I measured the snowfall accumulation at 21 inches. The local newspaper later reported only 17 inches for our area, so I don’t know where or how they measured.
We dug enough to get our cars freed, and then Winnie got ready to go to work. We needed groceries, so I got dressed and left together with Winnie taking both of our cars, just in case. By this time, 11:30AM Sunday morning, all our local neighborhood roads had already been plowed once with about 2 inches of hard-packed snow still on top of the roadway. As we drove out to the main road, we passed various people digging their cars out and throwing the snow out into the roadways, adding to the mess. It wasn’t until we reached the main highways that we saw any clear roadway, and even here there was a lot of snow pack on top of the roads that made driving bumpy and sloppy.
Snow was already beginning to melt so we also had to contend with large pools of slush and ice mixed with salt. A lovely mix indeed. Just before reaching the mall, I turned down a side street that was our alternative way into the mall parking lot. It was plowed by the highway where I turned, next to a small motel, but just past the motel the plowed road ended and I became an off-road vehicle following in the tire tracks of those who went before me. I almost got stuck in the snow at one point but managed to free myself and made it through to a plowed road leading to the mall parking lot. Winnie, following behind in her smaller Versa, wasn’t impressed with the side trip but made it through. Then she bitched me out for leading her down that road. Overall an exciting winter drive.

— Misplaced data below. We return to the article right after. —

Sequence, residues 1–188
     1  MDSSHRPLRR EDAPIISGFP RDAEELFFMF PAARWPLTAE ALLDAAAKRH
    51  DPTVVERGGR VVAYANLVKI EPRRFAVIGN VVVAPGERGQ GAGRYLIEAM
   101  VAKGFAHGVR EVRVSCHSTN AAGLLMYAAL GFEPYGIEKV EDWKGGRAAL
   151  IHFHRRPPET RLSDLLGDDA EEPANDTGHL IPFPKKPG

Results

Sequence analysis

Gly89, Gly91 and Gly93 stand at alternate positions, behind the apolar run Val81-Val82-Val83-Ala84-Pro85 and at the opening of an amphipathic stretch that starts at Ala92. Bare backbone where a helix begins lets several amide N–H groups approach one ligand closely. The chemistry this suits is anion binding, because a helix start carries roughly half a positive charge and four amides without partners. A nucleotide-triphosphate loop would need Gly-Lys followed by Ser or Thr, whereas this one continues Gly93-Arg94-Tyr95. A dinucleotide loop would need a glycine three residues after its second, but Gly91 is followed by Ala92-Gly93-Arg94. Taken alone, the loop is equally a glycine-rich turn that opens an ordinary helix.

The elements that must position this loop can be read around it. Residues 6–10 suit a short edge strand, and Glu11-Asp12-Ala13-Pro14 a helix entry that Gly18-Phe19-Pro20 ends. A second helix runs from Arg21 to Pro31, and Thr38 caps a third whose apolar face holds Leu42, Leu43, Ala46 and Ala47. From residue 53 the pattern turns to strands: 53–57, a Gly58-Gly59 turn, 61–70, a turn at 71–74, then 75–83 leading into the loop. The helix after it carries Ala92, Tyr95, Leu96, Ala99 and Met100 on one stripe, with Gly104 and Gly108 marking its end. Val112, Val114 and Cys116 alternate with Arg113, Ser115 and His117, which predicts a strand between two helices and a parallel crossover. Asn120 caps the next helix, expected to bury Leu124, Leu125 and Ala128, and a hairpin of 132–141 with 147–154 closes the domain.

I did my shopping and made it back home, where once again I dug more snow to finish clearing a curbside parking area for our cars. Later that evening I learned that the federal government would be closed on Monday, meaning I had the opportunity to work from home again.
So, here we are. The entire region is blanketed by a thick layer of snow which prevents me from commuting to work, and Washington is paralyzed. The bad news is that we’re under a winter advisory for another snowstorm with sleet starting tomorrow, Tuesday, with yet another possible snow storm coming this weekend. In still other news, on February 2 that ultimate winter weather forecaster, Groundhog Punxsutawney Phil, predicted another six weeks of winter.
I’m so thrilled.